Friday, 29 July 2016
How much space does a writer need?
I've been even quieter than usual here on the blog. Life's been busy, too busy for blogging, too busy for writing more than notes and fragments.
I tried writing in twenty minute bursts and it's taken me maybe half way through the first draft of my novel. But it wasn't enough in the end - I felt I was dipping in and out, never immersing myself in the cold water of the story long enough to let it warm my skin, to take a deep breath and make those long strokes that pull you deep beneath the surface.
So I'm doing something radical. I'm taking the whole of August off. I'm going to write.
I've never given myself this much time before. I may be a workaholic. I'm certainly afraid.
I believe it's normal to confess at this point, so here goes. Here's the story of a woman who almost forgot how to stop working.
After O levels I delivered newspapers so I could buy a new bike and some riding lessons. The dew and the dawns were lovely, and the secrecy of walking through gates and up paths while people slept above was magical. The bike was even better - it carried me round Ireland on my honeymoon many years later.
I worked Saturdays in a butcher's and then in a bookshop until my A levels, and then I worked on an archeological dig till I went to university.
There was no work in Leeds so I came home every summer and worked at my local sports centre, failing to save lives, selling tickets and scrubbing floors and urinals.
I graduated. I didn't want to teach so I became a trainee for a global paper manufacturer, moved into publishing, went freelance, had babies and kept on working all the way through. I took two weeks off when I had my first child because I hadn't dared tell a single client that I was pregnant. So I stood at my desk till the stitches fell out, and wrote letters to my authors apologising for not replying to their letters sooner. I'd been busy on another project, I said.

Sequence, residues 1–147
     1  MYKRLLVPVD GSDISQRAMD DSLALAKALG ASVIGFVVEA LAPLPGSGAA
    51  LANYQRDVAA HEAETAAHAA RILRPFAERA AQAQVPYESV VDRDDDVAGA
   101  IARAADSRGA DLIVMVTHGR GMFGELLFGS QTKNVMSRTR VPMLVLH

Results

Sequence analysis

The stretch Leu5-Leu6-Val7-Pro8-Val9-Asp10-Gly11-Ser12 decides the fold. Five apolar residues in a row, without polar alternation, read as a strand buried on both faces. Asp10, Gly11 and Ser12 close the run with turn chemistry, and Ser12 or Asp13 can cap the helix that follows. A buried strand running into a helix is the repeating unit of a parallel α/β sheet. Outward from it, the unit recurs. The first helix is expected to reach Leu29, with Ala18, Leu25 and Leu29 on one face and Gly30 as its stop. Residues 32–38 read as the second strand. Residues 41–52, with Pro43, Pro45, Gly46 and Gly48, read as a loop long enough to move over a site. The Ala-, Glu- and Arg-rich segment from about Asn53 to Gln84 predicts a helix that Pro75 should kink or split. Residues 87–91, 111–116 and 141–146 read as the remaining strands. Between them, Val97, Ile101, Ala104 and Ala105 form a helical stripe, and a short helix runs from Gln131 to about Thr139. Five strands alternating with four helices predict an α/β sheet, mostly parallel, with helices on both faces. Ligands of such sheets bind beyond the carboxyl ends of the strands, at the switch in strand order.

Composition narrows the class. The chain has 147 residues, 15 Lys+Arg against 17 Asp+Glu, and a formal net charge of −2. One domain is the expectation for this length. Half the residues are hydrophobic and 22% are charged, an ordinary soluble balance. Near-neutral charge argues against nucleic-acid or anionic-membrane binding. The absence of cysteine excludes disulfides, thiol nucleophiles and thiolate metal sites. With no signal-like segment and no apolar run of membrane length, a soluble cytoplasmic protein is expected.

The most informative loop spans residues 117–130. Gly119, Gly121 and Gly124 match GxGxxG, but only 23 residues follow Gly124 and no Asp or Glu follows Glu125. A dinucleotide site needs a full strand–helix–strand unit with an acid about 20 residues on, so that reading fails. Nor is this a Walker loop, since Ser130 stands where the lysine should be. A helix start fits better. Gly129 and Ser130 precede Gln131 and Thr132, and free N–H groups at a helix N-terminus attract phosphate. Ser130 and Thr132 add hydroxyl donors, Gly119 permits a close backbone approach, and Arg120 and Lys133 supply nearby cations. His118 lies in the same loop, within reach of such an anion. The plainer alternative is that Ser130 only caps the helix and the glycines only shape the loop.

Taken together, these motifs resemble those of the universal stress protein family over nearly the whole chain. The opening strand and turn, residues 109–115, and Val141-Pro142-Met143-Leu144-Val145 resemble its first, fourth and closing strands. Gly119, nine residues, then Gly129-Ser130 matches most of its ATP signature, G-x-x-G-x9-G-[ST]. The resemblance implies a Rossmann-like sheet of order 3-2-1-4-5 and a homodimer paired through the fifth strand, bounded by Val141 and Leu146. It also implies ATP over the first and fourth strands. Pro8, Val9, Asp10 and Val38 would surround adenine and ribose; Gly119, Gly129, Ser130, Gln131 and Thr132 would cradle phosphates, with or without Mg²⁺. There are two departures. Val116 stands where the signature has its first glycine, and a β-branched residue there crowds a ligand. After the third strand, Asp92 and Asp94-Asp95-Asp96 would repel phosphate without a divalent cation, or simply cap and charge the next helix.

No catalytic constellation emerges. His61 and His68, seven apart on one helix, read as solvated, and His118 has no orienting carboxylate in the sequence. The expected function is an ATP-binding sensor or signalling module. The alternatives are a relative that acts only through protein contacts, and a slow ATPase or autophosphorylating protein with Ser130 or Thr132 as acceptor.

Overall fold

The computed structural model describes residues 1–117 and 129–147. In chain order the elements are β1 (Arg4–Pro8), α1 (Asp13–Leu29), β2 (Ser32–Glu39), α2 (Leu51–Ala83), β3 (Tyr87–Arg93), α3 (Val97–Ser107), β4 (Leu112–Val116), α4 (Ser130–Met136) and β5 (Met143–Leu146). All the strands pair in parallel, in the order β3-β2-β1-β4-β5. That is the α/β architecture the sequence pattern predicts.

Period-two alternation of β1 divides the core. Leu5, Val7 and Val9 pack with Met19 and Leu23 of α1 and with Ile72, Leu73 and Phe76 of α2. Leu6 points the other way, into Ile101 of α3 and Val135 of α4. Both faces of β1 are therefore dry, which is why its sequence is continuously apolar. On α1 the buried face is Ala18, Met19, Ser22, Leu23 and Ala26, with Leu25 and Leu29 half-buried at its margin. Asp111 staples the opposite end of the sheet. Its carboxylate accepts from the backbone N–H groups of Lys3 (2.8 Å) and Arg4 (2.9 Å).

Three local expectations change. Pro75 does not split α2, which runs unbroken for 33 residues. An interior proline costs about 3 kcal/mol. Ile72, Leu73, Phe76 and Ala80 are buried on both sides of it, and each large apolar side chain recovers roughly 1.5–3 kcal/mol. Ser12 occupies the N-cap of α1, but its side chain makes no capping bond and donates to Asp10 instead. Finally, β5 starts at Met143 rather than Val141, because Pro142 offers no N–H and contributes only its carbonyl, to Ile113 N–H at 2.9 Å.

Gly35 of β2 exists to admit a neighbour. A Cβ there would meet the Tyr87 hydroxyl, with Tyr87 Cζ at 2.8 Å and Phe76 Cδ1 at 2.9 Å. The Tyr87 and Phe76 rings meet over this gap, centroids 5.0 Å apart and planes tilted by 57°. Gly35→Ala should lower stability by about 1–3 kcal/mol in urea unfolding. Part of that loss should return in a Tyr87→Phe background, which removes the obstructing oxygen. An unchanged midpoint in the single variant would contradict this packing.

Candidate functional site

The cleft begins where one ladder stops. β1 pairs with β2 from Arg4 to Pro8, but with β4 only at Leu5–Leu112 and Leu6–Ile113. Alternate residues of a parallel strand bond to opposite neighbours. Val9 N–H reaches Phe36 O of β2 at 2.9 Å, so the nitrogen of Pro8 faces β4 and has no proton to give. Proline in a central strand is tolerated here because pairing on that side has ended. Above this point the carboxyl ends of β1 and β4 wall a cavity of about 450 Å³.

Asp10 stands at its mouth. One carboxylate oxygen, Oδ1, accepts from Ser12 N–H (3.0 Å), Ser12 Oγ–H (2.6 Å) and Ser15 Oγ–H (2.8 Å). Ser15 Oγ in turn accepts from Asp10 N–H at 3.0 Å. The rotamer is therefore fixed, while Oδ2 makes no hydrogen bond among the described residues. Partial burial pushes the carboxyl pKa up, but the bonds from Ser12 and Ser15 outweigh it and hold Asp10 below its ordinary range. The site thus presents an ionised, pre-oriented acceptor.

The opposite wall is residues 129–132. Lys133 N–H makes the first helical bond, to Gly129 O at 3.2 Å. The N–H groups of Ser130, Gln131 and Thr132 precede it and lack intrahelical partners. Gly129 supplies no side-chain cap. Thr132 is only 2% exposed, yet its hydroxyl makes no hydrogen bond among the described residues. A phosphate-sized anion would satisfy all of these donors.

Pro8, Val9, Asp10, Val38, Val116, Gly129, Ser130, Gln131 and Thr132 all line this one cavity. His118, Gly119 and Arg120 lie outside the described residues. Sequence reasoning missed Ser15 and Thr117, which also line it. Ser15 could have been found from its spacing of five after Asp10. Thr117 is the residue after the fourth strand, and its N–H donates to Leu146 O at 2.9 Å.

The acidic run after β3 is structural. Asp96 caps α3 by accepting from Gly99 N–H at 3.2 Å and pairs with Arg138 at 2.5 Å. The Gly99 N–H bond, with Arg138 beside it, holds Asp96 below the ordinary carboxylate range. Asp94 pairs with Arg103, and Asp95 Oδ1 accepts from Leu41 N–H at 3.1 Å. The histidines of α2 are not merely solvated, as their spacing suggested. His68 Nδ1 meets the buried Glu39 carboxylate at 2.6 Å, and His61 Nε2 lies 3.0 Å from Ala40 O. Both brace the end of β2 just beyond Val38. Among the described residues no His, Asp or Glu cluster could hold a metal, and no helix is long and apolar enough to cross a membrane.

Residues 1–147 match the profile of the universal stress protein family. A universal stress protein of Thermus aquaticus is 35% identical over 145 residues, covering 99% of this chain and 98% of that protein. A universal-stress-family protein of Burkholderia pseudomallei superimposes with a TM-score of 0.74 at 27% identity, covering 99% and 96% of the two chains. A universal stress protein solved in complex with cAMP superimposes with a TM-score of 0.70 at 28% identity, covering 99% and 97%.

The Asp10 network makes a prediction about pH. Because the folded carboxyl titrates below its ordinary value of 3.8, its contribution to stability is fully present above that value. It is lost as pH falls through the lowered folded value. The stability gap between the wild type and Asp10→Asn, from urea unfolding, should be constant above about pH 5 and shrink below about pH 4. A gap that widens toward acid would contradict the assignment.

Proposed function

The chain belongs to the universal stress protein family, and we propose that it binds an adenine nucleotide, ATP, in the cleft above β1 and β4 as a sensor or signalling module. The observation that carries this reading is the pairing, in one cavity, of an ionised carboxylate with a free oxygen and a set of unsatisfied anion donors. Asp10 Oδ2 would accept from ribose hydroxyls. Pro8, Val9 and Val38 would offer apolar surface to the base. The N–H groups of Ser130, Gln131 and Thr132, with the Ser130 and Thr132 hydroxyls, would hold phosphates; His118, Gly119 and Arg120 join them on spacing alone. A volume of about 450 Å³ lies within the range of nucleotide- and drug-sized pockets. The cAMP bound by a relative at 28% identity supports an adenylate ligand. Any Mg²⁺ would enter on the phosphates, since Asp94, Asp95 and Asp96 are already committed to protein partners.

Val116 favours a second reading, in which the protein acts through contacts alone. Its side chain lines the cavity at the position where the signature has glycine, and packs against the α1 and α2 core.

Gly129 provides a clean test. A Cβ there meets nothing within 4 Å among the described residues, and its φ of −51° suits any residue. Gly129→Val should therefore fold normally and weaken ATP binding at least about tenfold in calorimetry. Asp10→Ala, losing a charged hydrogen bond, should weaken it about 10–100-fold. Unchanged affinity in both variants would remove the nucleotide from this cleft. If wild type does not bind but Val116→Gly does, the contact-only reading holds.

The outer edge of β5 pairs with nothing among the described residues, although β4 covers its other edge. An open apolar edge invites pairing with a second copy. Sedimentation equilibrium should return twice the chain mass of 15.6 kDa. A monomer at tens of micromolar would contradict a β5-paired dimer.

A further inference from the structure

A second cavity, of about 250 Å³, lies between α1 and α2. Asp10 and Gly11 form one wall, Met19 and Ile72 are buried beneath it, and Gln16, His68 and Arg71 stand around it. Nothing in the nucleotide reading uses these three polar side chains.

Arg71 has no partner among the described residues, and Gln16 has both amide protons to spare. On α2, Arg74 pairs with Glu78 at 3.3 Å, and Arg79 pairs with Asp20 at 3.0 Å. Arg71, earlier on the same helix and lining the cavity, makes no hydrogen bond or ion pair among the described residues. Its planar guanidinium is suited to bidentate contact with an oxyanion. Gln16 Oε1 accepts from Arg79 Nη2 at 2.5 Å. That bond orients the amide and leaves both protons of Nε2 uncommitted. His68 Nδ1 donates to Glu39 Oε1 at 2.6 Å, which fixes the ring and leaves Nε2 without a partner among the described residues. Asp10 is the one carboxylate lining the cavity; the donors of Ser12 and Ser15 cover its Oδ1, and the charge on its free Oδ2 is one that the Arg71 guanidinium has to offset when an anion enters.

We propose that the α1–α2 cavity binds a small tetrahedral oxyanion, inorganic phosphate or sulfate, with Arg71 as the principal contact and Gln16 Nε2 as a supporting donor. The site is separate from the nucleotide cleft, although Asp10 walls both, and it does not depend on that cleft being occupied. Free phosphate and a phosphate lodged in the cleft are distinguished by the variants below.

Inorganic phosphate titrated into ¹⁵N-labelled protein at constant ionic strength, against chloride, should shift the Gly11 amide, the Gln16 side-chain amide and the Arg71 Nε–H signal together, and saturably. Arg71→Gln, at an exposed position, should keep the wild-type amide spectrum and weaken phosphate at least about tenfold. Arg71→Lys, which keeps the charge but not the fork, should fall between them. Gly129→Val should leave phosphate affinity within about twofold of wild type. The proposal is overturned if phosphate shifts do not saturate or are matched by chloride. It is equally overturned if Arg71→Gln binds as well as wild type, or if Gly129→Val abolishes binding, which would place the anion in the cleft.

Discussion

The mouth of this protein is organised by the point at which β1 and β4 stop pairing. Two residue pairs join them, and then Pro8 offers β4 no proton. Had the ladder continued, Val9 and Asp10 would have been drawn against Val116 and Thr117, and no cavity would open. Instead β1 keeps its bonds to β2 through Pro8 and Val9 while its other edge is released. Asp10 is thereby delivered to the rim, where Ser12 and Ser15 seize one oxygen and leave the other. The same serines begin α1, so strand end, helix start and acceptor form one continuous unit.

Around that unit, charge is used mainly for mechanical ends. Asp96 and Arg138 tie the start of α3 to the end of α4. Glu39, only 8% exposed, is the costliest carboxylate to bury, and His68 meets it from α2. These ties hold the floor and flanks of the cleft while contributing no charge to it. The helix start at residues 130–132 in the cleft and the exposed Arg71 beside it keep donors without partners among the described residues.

I slacked off when I had my second child three years later, and took three months away from the deadlines of publishing to drag myself from feed to nappy to feed. I had begun writing before her birth, but this was the beginning of a long, slow-lifting sea fog of exhaustion and I wrote nothing more for many years. It took a long time to learn that I wasn't just tired, but had ME. It took even longer to find out how to recover from it.
I emerged eventually and began to write again. But bills must be paid and I worked more than I wrote, and when I look at the stories I've written, the few words seem far too slim for so many years.
So this year, the babies now being taller than I am, and students themselves, I began a novel. And then life happened at me again and I gave the time I had to my work.
But I'm not going to let that happen again. So in fifteen minutes I'm going to set my autoresponder.
'Thank you for getting in touch,' it's going to say, 'I'm away from my desk this August. I'll be in touch as soon as I return at the start of September.'
It's scary, and exciting.
I'm going to find out what happens when there's space in my head.